Many saw Donald Trump as a classic American populist. He’s not. Trumpism is nationalism. Trump is marketing an American Nation brand for the 21st century, a place where the right kinds of Americans feel they might belong.
WASHINGTON — The most enduring and consequential political “ism” since the Enlightenment is unquestionably nationalism.
Various strains of nationalism built the ideological architecture of modern European nation-states, the pathologies of 20th century totalitarian regimes and the justifications for postwar anti-colonial and independence movements. Nationalism is today the ideological buttress of potent movements around the world that are opposed to globalization, immigration, technological revolution and “post-nationalist” arrangements such as the European Union.
Nationalism, however, does not have a strong pedigree in America. That has been a civic asset but now it has gotten us into trouble. America’s immunity to classic nationalism marred our ability to recognize and combat Donald Trump’s stunning campaign. It surely did mine. Like many, I saw Trumpism as a kind of populism that has a history in America, with chapters both dark and light, left and right.
I think that’s wrong. Trumpism is nationalism.
It is not, as many fear, White Nationalism or a gussied up hate movement. Yes, Trump and his shock troops coddle their White Nationalist parasites to a despicable and risky degree. But that is not the core of Trump’s putsch.
Trumpism is a nationalist phenomenon familiar to Europeans but new and confusing to Americans.
The first explicit philosophies of nationalism emerged in the early 1800s in a Europe roiled by the breakup of old empires, by newfangled nation-states and by post-Enlightenment, liberal reform movements that undercut the ancient authority of monarchy, church and nobility.
The common theme to these social theories was that people have an essential need to belong and to belong to their proper and organic group, defined by blood lines,ace, land, history and language. Without this belonging, societies and individuals were weak and miserable. It is more important than law and constitutions. The Germans were at the vanguard of “scientific” philosophies of nationalism and coined the phrases we associate with nationalism: “blut und boden,” blood and soil; “volk,” the people.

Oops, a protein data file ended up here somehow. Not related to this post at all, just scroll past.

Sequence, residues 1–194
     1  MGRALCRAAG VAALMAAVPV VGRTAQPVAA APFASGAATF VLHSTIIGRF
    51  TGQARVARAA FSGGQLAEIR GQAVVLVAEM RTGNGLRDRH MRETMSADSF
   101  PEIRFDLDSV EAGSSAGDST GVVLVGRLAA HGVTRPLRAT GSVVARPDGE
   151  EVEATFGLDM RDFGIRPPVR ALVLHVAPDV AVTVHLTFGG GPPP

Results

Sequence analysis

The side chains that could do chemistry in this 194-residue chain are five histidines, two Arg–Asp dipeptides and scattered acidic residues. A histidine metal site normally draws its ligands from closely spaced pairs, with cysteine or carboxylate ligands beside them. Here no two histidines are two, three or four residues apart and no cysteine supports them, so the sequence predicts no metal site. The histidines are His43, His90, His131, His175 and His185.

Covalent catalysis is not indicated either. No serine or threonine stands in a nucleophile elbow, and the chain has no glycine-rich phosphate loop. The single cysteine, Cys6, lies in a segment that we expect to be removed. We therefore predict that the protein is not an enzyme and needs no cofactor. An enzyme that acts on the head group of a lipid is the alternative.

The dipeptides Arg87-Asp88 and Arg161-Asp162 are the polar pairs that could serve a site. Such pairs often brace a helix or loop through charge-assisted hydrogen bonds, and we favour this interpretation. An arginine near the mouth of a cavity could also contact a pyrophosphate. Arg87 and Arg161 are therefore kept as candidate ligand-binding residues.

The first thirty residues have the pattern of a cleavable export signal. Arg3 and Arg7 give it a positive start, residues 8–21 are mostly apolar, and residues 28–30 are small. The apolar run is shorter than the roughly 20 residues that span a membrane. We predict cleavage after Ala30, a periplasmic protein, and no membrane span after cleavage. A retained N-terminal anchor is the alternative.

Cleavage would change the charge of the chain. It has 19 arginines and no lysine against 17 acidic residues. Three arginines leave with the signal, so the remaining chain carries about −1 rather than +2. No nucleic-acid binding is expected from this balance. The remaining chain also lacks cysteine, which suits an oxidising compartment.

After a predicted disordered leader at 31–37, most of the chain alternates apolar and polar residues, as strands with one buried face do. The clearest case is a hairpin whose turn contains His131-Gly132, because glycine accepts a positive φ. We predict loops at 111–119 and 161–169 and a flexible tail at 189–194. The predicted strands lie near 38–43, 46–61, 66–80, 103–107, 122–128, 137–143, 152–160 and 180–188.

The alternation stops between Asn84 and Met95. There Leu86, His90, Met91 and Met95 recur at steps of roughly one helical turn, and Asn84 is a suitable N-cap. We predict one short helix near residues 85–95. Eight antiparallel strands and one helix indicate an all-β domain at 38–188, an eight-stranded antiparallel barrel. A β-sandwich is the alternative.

“These gloomy doctrines,” wrote the philosopher and historian Isaiah Berlin, “… duly inspired nationalism, imperialism, and finally, in their most violent and pathological form, fascist and totalitarian doctrines in the twentieth century.”
Americans, of course, had no ancient binds to blood and soil. We came from all over, mostly as refugees from these old worlds. Americans believed they were bound to a republic, a Constitution, a story of ideas. Allegiance was called patriotism, not nationalism.
America, of course, shared some pathologies of nationalism. Native Americans and blacks, for example, were not to be part of the American nation. Melting into the American pot was both an opportunity and a demand. But the full-blown nationalist movements of Europe were alien here.
Populism and nationalism are cousins, sometimes hard to tell apart.
Nationalism is essentially about identity and belonging. Populism is more about ideas and ideals that transcend group, about power, class and solutions.
Ronald Reagan’s message was often seen as nationalistic, wrongly.
Reagan saw America as a “shining city on a hill;” Trump sees America as a disaster, perverted by bad deals and bad people. Reagan wanted America to spread democracy; Trump wants America to look out for No. 1, to isolate and reject globalist ideals. Reagan had blinders about America’s minorities and vulnerable, but he tried to be nice; Trump curries allegiance by insulting and degrading people who don’t belong to the American Nation he wants to make great. Reagan had a guiding philosophic program of free markets and small government; Trump has no guiding philosophy.
Trump is pure strongman, unshackled by conventional morality. Populists are the opposite. They are moralists and righteous.
But Trump has been generally portrayed as a populist demagogue championing forgotten white Americans, attacking the elites and making impossible populist promises. He wasn’t that at all. He was an uber-American man on horseback prepared to lead the American volk against enemies with will, muscle, propaganda and deals, not policies, programs and populist solidarity.
A great many voters decided Trump could restore their vision of the American Nation, the place where they rightfully belonged and mattered. His policies or non-policies, his flips and flops, gaffes and lies, his ignorance about government were essentially irrelevant, not taken seriously. So he won’t take heat for ditching the Wall or hiring lieutenants from Exxon and Goldman Sachs.
Trump is ruthless in belittling those he thinks don’t belong, who weaken the American Nation or who challenge its new leader. He fearlessly ridicules the manners and niceties of these losers and the whole weakling Establishment. He embodies the swagger of the real American Nation — the trash talk of sports, vitriol of talk radio, self-promotion of reality television and celebrity showbiz, the glamour of great wealth and confidence of ego unchecked. This is not populism.
Trump is marketing an American Nation brand for the 21st century, a place where the right kinds of Americans feel they might belong. It is not a new trick in history, just in our history.
Donald Trump must be some kind of nationalist savant, all instinct and gut, a fluke of history. It is worth noting that many leaders of nationalist movements started in similar ways — seen as clowns or crackpots, not serious, always underestimated, completely improbable — right up to the moment they seized power.